Monday, September 16, 2013

Everybody needs somebody to hate

There is always a sense of accomplishment that comes after finishing a good, long JRPG. At under forty hours Tales of Xillia was a little on the short side. Add to that how much I straight up cheated by purchasing in game funds and the feeling is significantly lessened. Namco tried something a little different this time. They tried to create a sympathetic final boss. He isn't evil. he isn't even bad. On the contrary, he wants what is best for his people, the only difference between him and the 'good' guys is that he is willing to sacrifice a different world that he only just learned existed and who had also just attacked him to do so and they are not. Everyone respects each other. Hell, they like one another, but there is a knock down, drag out fight anyway.

There is no weight to it. There is no desperation or malice or even any hurt feelings. One side wants A, which just might work and be good for everyone, and the other side wants B, which will work but only for the nature loving, magic using pure people, leaving the machine using, spirit killing, world destroying people slowing die off (at times the game felt like a Greenpeace recruitment tool).  No one dies in the end, they all shake hands, and a obvious sequel is teased.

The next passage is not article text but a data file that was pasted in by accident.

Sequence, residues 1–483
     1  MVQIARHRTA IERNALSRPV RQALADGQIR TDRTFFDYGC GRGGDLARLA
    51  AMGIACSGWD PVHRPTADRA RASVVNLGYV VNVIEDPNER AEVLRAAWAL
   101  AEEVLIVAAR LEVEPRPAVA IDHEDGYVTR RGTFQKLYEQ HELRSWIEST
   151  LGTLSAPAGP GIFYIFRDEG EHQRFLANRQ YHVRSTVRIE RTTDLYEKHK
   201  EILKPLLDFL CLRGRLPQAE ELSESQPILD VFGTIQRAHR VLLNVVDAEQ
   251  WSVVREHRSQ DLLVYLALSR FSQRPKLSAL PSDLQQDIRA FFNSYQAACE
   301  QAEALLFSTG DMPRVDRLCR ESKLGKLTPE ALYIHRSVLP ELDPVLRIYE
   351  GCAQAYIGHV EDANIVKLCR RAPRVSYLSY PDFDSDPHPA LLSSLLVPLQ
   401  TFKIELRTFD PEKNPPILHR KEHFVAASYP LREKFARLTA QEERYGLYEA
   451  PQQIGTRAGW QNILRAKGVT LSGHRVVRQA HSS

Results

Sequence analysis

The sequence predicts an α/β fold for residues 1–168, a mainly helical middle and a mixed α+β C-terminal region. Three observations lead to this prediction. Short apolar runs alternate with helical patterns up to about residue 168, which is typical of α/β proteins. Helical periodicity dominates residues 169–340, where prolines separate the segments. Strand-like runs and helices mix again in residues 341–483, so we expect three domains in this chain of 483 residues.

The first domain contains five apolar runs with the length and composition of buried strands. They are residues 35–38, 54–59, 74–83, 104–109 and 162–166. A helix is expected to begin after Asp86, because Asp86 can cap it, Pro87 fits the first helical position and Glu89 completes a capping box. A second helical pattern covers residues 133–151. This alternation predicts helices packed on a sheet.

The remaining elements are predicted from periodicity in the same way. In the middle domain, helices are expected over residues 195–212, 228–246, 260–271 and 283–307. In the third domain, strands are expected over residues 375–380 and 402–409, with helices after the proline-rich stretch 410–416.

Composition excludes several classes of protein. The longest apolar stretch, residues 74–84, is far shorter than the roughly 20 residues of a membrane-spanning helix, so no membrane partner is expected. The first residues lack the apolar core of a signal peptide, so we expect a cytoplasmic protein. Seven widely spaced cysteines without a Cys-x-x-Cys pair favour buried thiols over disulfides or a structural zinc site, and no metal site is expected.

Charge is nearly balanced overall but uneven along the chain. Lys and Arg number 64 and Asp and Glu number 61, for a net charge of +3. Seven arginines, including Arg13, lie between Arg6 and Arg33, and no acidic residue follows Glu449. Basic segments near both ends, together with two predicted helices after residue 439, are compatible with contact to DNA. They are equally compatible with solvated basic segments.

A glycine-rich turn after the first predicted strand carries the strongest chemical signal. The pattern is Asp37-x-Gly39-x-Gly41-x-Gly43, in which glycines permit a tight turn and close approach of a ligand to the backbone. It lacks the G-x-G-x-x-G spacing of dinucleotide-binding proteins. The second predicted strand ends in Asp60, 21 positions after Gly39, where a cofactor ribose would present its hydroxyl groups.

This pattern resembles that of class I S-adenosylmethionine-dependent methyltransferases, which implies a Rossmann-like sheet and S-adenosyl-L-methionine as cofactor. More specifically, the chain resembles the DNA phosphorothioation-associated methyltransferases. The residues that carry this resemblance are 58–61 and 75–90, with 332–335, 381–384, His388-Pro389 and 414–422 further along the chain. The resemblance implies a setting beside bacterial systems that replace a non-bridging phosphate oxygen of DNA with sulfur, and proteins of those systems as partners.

It just doesn't work. It sounds obvious, but a game of such length needs a bad guy to latch on to. It keeps the player invested. When I think of great RPG villains I always come up with


Sephiroth because you spend the entire game chasing him and Kefka because he was just evil. I am sure there are others, but these two work because they are introduced early in the game and the player is given time and reason to really hate them. There is no reason so hate Gaius, the final boss of Tales of Xillia, and even less reason to hate Muzet, the spirit he bonded with. One is noble and the other is just looking for direction.

On the plus side the game has a character in the party that is completely unlikable for the vast majority of the game and he never really changes. It would have been nice for this to create more inner-party conflict. I will settle for him showing up after one of the two main characters 'dies' and shooting the other main character's childhood friend. Minus points for the shooting victim not dying irrevocably, but good effort.

I don't regret any of my early adulation of Tales of Xillia. It is a better playing RPG than anything Square has come up with in quite a while. It just wasn't as good as Tales of Graces f. Honestly, not much is.


Time to start Diablo III. I think I am in the mood for a monk. Hope it is the right call. 

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